Blog Posts by Andrew Knowlton, BA Foodist, Bon Appetit Magazine

  • When is it OK to eat with your hands in public?

    Dear BA Foodist,

    A foodie friend of mine is reluctant to use his hands when dining out. He says it's rude and unhygienic. Is he correct? He won't even use his hands when we go out for pizza.

    Jen Costanzo, Waterville, Maine

    Dear Jen,

    What looks more ridiculous: eating a burger or fried chicken or pizza--which, if you haven't already noticed, is what many fine-dining restaurants are supplementing their menus with in these bad economic times--with a fork and knife or with your hands? You only need to watch a European awkwardly eat a double-bacon cheeseburger with utensils to answer that question. Conventional wisdom is contradictory--it says asparagus and whole steamed artichokes are okay to eat with your hands, but not sugar snap peas and tomato wedges. Why? The best foods on the planet were meant to be eaten with your hands--barbecued ribs, grilled corn, tacos, fish and chips, and every sandwich imaginable. If a restaurant, no matter how starchy the table linens, decides to carry a

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  • My Top 5 Restaurant Service Pet Peeves

    Dear BA Foodist,

    I love going out to eat, but I'm puzzled by the odd practices that even some of the best restaurants seem to follow. No salt on the table is one of my biggest pet peeves. What are yours?

    Floyd Partinson, Skokie, Illinois

    Dear Floyd,

    I once had a colleague (a restaurant critic colleague, to be exact) who said that if she were awarding stars, restaurants would receive one for warm bread and another for saying "Thanks for coming" as she exited. The point she was making was that the little things a restaurant does (or does not do) can have a big effect on your meal--and many of them have nothing to do with your actual food. Some are minor (soft as opposed to rock-hard butter served with your dinner), and some are major (clean bathrooms). With that, here's my list of restaurant practices that tick me off. (And don't act as if you don't have a list of pet peeves, too.)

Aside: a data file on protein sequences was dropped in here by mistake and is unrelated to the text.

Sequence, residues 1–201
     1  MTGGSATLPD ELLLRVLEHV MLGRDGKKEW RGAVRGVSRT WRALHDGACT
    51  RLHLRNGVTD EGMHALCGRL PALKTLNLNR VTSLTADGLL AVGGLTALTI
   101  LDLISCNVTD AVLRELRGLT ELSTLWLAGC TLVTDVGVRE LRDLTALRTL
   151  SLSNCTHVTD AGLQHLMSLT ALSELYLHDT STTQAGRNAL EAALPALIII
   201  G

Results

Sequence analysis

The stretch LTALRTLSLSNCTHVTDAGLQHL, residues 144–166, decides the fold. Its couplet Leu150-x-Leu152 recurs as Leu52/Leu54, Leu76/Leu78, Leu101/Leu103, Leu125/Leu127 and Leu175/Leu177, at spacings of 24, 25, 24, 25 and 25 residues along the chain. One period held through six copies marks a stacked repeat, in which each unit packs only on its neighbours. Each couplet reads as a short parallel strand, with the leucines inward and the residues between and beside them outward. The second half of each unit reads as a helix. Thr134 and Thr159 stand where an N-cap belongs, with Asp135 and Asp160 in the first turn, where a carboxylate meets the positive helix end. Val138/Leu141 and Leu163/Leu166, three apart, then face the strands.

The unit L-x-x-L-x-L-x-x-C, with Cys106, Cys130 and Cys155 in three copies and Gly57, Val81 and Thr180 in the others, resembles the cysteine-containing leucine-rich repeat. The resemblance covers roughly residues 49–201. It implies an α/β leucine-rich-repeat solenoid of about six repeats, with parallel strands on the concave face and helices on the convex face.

No one to greet you as you arrive or say thanks as you leave.
    Both are equally important (just because

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  • Is the Daily Special the best or worst dish to order?

    Dear BA Foodist,

    I like to order a restaurant's daily specials with the obvious assumption that the ingredients in those dishes are the freshest. But it occurs to me that the kitchen may just be trying to move old product. Which is true?

    Alison Bates, Rancho Palos Verdes, California

    Dear Alison,

    At some restaurants, daily specials may be a way of moving ingredients that have seen better days, but most reputable places run specials for a number of more creative reasons. Specials often showcase hyper-seasonal ingredients--soft-shell crabs, heirloom tomatoes, or squash blossoms, for instance--that chefs have in limited supply. The ingredients are here today, gone tomorrow, and hence can't be put on the more permanent menu. Also, specials are often dishes that chefs are testing out, or that feature ingredients with limited appeal (e.g., sweetbreads, oxtail).

    Having said this, a restaurant is a business, and it needs to move product. If a place stocks up on a particular fish for the

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  • BA Foodist's Picks for the 10 Best Roof-to-Table Restaurants

    In this year's version of farm-to-table eating, restaurants in big cities are literally raising their roofs, harvesting everything from herbs and chiles to tomatoes and beans. Here are our favorites in extreme locavore dining.